I wasn't aware there was a GPS receiver in the laptop!
        Work in the public sector? Read the IR35 FAQ here

        Comment


          #5
          Originally posted by OwlHoot View Post
          How was Back of my Hand able to find my location using GPS on my laptop?!

          I wasn't aware there was a GPS receiver in the laptop!
          Russians

          Comment


            #6
            Thanks Nick. I wouldn't mind one of those guitars

            The MuscleWiki one looks handy, I've been trying to find something along this lines after getting back into the gym recently. In fact I've never really done weights and one problem I find is I have no idea what any of the exercises are called. I have the rather handy FitNotes app but it relies on you knowing what exercises you are doing. Regular wiki has a useful resource but point & click is nice.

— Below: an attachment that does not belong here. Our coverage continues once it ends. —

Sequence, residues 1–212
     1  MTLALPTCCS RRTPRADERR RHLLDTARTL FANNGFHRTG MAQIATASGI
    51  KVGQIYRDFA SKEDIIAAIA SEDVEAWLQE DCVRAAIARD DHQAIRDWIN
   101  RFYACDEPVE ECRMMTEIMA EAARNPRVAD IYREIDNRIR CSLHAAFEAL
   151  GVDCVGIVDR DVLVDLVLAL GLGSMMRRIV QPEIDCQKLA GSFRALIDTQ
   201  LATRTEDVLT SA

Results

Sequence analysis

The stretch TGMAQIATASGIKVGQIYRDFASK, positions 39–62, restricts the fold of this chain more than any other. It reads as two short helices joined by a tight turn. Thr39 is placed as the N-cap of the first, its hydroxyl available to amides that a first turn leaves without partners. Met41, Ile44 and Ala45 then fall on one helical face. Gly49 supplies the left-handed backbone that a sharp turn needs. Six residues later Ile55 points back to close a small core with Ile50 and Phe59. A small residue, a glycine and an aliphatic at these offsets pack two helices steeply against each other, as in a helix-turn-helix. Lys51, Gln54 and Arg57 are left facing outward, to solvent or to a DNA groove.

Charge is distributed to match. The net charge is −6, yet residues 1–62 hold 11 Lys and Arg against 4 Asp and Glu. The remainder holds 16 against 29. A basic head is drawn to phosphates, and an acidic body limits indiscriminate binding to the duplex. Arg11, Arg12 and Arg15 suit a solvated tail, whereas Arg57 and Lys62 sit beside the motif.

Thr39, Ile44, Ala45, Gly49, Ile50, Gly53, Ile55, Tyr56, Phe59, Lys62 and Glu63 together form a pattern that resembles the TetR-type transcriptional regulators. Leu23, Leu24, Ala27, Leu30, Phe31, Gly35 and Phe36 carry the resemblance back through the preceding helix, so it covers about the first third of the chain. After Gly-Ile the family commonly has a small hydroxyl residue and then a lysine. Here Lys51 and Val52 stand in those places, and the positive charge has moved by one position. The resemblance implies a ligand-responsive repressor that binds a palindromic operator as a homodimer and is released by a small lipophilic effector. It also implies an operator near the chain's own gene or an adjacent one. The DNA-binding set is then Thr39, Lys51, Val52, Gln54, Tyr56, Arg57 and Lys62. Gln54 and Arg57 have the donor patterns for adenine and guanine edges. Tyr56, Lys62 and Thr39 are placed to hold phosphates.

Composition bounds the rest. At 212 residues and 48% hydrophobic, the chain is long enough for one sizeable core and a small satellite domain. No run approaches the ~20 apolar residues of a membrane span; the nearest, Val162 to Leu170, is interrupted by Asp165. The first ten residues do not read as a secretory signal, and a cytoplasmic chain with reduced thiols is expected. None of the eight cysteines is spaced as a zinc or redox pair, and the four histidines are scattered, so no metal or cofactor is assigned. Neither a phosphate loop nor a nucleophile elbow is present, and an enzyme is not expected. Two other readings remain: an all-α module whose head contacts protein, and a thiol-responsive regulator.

Originally posted by MaryPoppins
            I'd still not breastfeed a nazi
            Originally posted by vetran
            Urine is quite nourishing

            Comment


              #7
              Originally posted by ladymuck View Post

              I was rubbish at this!
              Yeah, not a hope on this. Be fun to try it on a taxi/delivery driver.
              Originally posted by MaryPoppins
              I'd still not breastfeed a nazi
              Originally posted by vetran
              Urine is quite nourishing

              Comment